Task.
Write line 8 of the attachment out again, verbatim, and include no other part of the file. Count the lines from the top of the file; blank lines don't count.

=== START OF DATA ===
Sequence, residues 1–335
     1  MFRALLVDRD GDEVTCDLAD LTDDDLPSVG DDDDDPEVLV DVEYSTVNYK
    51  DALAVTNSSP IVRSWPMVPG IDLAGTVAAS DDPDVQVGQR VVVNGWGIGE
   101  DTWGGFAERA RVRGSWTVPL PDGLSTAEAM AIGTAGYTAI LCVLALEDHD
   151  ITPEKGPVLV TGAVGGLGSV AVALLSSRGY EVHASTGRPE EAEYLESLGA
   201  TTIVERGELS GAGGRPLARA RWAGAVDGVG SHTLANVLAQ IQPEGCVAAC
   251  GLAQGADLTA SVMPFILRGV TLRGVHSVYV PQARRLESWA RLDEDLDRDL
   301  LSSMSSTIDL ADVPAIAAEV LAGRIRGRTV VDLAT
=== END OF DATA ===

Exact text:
   301  LSSMSSTIDL ADVPAIAAEV LAGRIRGRTV VDLAT